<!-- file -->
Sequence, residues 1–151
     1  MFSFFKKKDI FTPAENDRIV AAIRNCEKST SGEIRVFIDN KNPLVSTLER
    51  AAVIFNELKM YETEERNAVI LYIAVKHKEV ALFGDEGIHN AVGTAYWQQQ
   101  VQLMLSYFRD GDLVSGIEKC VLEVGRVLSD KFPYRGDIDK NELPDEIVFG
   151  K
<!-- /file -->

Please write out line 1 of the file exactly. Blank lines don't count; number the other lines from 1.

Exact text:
Sequence, residues 1–151